High Court rejects petition by terror victims association to block Palestinian prisoner release

Court does not find grounds to intervene in prisoner release taking place in the framework of the peace process.

By
October 29, 2013 21:18
2 minute read.
Protesting against the release of Palestinian prisoners.

Protest against prisoner release 370. (photo credit: REUTERS)

 
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The High Court of Justice rejected a petition late Tuesday night by the Almagor Terror Victims Association to block the second round of Palestinian prisoner releases scheduled for the same night as part of the ongoing Israeli- Palestinian peace talks.

According to the terms for entering talks, Israel would release four rounds of Palestinian prisoners over nine months as a confidence-building measure for Palestinian participation in the talks.

Tuesday’s decision came at lightning speed, with the petition itself being filed only Tuesday afternoon, followed by a rushed hearing by a panel of three justices presided over by Deputy Supreme Court President Miriam Naor.

The court said that the issue of releasing prisoners is “a sensitive and complex one which stands at the heart of a public controversy.”

However, the court emphasized that the question before the High Court was “only limited to the legal question: Are there grounds to intervene in the prisoner release taking place in the framework of the peace process?” The court said that at the hearing, it “heard from the niece of [murdered] soldier Moshe Tamam, who spoke with obvious pain and emotion against the prisoner release.”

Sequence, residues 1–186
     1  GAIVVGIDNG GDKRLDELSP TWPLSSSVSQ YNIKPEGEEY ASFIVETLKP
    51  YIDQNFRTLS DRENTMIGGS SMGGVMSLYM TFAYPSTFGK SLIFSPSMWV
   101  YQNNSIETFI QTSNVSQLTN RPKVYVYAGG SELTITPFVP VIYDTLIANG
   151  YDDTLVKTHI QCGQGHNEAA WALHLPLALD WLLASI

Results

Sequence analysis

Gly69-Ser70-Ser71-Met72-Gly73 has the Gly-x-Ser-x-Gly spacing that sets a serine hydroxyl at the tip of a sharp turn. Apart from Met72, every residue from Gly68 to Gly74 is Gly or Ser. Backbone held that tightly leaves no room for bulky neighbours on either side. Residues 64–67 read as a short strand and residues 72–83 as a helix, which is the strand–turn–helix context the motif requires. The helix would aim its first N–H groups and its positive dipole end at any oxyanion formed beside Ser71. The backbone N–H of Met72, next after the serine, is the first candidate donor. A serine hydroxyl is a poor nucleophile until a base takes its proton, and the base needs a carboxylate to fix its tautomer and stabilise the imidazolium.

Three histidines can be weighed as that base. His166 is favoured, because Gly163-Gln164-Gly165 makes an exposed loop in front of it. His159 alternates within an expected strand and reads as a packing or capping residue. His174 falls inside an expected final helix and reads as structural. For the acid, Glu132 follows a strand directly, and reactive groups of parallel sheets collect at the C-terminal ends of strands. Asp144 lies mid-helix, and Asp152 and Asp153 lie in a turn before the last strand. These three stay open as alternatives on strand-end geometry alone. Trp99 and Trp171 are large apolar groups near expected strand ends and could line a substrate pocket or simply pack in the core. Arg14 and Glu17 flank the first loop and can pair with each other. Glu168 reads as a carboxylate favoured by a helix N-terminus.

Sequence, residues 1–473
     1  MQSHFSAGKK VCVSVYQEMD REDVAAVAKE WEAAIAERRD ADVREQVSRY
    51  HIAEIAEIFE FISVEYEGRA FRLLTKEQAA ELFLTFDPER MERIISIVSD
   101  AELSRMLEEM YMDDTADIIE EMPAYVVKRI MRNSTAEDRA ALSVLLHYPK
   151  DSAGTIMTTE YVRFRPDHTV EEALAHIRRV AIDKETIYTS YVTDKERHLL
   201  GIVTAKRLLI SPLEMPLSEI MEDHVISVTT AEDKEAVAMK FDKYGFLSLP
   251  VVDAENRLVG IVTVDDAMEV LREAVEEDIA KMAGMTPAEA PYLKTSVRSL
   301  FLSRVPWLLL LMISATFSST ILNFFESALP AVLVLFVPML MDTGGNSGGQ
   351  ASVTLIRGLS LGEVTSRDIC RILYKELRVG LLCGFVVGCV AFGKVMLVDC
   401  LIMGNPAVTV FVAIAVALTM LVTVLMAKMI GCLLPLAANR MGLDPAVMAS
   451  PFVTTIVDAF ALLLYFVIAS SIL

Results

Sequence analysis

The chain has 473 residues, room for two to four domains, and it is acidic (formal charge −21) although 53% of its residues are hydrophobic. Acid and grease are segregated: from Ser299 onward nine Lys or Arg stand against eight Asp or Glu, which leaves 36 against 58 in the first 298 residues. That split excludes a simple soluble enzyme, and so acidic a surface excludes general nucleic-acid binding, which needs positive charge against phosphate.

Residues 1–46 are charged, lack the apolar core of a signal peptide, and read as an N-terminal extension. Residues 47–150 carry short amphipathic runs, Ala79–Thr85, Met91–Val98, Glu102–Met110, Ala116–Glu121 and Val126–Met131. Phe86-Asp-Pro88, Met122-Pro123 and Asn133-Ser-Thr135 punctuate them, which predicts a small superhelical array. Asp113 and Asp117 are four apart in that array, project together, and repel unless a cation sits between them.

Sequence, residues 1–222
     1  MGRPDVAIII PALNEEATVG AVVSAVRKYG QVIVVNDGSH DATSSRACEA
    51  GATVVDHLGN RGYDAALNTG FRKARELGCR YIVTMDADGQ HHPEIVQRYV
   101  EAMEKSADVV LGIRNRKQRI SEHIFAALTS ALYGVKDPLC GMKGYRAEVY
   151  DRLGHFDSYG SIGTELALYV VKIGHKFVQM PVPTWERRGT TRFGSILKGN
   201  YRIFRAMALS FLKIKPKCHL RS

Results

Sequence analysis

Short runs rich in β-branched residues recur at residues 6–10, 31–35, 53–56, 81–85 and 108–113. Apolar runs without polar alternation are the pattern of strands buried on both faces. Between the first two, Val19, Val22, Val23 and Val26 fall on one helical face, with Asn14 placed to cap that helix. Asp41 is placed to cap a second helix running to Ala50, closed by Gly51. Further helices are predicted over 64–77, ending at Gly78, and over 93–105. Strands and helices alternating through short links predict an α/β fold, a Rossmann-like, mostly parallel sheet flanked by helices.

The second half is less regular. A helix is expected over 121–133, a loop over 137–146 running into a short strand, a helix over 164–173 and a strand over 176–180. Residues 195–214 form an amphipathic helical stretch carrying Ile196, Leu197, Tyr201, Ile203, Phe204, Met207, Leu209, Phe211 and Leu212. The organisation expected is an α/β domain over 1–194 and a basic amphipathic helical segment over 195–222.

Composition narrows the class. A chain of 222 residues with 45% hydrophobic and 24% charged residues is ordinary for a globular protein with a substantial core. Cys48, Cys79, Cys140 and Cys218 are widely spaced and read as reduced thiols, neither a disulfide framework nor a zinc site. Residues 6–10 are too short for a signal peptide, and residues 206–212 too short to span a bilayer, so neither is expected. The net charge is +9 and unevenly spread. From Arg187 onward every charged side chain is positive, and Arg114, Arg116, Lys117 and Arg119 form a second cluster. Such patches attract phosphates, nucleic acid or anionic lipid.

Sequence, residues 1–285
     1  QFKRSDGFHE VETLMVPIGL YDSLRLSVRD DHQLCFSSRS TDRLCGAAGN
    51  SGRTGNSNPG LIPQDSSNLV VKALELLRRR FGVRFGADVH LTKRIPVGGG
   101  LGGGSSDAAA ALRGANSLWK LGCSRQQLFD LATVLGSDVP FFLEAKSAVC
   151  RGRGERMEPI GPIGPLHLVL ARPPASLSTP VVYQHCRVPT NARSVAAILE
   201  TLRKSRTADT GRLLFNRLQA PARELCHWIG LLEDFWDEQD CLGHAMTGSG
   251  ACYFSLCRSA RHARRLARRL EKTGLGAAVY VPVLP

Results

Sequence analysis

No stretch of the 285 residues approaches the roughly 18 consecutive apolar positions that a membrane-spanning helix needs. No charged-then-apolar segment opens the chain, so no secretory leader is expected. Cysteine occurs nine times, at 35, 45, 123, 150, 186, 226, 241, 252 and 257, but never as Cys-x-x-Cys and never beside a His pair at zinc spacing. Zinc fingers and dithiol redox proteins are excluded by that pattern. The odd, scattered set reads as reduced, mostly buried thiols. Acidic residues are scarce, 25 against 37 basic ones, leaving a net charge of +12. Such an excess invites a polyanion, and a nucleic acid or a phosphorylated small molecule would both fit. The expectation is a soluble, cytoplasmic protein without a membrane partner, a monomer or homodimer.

However, it noted that the murderers of Tamam, who were Arab-Israelis, are not among the 26 prisoners listed as part of the current round of releases.

The petitioners also claimed that some of the prisoners due to be released violated the government’s own standards and were due to be released in error, as they had committed their crimes post-Oslo. One of the principles of the current prisoner release has been to release only prisoners whose crimes were committed pre-Oslo.


The state responded that the defining date for the government’s determination was not the 1993 signing of the Declaration of Principles which started the ball rolling on Oslo, but a 1994 agreement which formalized the 1993 framework, and that all of the crimes came before the 1994 signing.

The petitioners also claimed that the first round of prisoner releases was responsible for a recent uptick in terror emanating from the West Bank, and argued for a delay of the release until the issue could be further scrutinized.

The state responded that security issues and commitments to the US required the release to go forward Tuesday night as planned.

Earlier in the day, ahead of the court’s ruling, Meir Indor, the head of Almagor, told reporters: “We are soldiers without weapons, with papers, against terrorism, against a victory for terrorism.”

“We are fighters for peace,” he continued. “If the murderers are out, there will not be peace.”

Henry Rome contributed to this report.

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